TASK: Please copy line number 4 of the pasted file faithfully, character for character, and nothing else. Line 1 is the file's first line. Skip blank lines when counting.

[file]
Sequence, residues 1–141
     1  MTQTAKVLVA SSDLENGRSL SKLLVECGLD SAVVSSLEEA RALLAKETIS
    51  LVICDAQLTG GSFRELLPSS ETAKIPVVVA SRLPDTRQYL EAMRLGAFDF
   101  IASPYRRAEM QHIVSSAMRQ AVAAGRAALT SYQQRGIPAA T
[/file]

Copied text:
   101  IASPYRRAEM QHIVSSAMRQ AVAAGRAALT SYQQRGIPAA T